“Life-Saving Gratitude” is what alumna Bunny Terry says helped her through some of her darkest days as she battled stage four colon cancer; it’s also the title of her first self-published book in which she shares her surprisingly upbeat story.
“Gratitude truly can be a lifesaver. In fact, it’s a superpower,” Terry said.
A Class of 2000 graduate of UNM, this New Mexico native and mother of two moved herself to Santa Fe in 2012. After raising her kids in Albuquerque and Logan, she was ready, at 51, to start a new life.
“I needed to make a move in my life that was just for me,” she said. “I packed up all my things, sold my house in Logan and moved to Santa Fe. I was single and in good shape. Honestly, I felt like a million bucks.”
A couple of months after the move, Terry said she had one evening of pain in her abdomen that she brushed off as a bad case of the flu. That pain ended with a trip to urgent care and then the emergency room where she was originally diagnosed with appendicitis. After a CT scan, doctors found a 5.5-centimeter tumor that had perforated her colon wall. A second 4.5-centimeter tumor was attached to her liver. A doctor told Terry she was bleeding to death.
“During the colonoscopy my first day in the hospital, I was half awake and watching the procedure on a screen, and all I remember is hearing the doctor say, ‘I have been doing this for 17 years and I know cancer when I see it.’ Then, I passed out,” Terry said. “After learning I had stage four colon cancer, I didn’t even know what it meant, I just knew there was not a stage five.”
Less than a year after her diagnosis, which started with chemo, included an out-of-state surgery to remove the two tumors and additional rounds of chemo, doctors declared Terry cancer free.
“I remember waking up the day after my diagnosis, thinking they couldn’t be talking about me,” she said. “I was so surprised that I was the one who was sick. I thought I was the healthiest person I knew. But the cancer changed my life.”
Terry says she always found solace in the art of writing, so much so that she commits to writing 1,000 words each day.
“At the end of that cancer year, I had all these words and I kept thinking, this may be something that someone else can benefit from,” she said.
After years of rigorous edits and re-writes, those 365,000 words were honed into Terry’s newly published book, “Life-Saving Gratitude.” It’s a book of uncommon transparency with grit and candor, needles and chemo, hair loss and laughter and a lot of surprising humor.
“This is a book about hope. Cancer feels like complete destruction of your life when you hear the word. But this is a book about only taking on the hurdle that’s right in front of you and devoting yourself to knowing what you’re grateful for,” she said.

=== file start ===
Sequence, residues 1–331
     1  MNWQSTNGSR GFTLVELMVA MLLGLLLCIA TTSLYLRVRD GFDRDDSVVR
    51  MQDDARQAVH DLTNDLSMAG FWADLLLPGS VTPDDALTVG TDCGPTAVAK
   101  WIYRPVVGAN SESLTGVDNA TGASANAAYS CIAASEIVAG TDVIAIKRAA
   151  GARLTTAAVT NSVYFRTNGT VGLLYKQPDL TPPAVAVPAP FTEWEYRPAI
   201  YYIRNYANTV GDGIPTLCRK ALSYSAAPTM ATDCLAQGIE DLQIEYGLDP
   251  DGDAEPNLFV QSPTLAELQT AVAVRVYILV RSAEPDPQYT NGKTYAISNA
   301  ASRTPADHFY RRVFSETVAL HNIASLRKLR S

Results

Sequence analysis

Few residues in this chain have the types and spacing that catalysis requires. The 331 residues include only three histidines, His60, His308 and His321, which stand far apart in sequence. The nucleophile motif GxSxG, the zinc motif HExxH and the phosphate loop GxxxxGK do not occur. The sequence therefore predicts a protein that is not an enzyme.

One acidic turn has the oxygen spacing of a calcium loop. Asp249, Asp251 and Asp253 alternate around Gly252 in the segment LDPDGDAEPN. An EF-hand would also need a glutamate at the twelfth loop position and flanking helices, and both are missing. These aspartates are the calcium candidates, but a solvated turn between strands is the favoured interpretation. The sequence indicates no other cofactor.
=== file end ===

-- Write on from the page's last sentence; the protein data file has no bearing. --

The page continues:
“I’m not saying it will work for everyone. I’m only an expert on myself,” she said. “Just trying to remember a minimum of five things I was grateful for, especially the days I had treatment, became the theme of my life. It’s the recurring theme in the book. Staying determined to remind myself what I was grateful for, along with the support of this crazy community, was the only thing that kept me from going crazy at the time.”
In 2014, Terry became an advocate for other cancer patients through Fight Colorectal Cancer. She lobbied in Washington, D.C., asking Congress to make changes in regard to early screening and detection of colon cancer. It’s then, she said, where she found her “big why.”
“I needed help making sense of why other people around me were losing their battle to cancer, but I was surviving. One of the emotions I was battling was guilt, guilt for surviving,” she said. “I attended ‘Call on Congress’ through Fight Colorectal Cancer. We all shared our stories with one another, and someone came up to me and said, ‘There is so much power in you sharing your story,’ and I thought, ‘That’s it. That’s my reason.’ That’s how I make sense of why I survived.”
She now serves as vice chair of the Cancer Foundation for New Mexico, an organization devoted to helping northern New Mexicans get to their cancer treatments by providing basic services such as grocery cards, overnight stays and mileage reimbursements.
Terry said if the book can help calm the fears of even one person about to embark upon this daunting journey, then she knows it was all worth it.
“There is so much power in all of our stories, but if we don’t tell them, we’re taking for granted the power of sharing who we are with others. Stories can save us,” Terry said.
Life-Saving Gratitude is available in paperback, audio, or as an e-book on Amazon.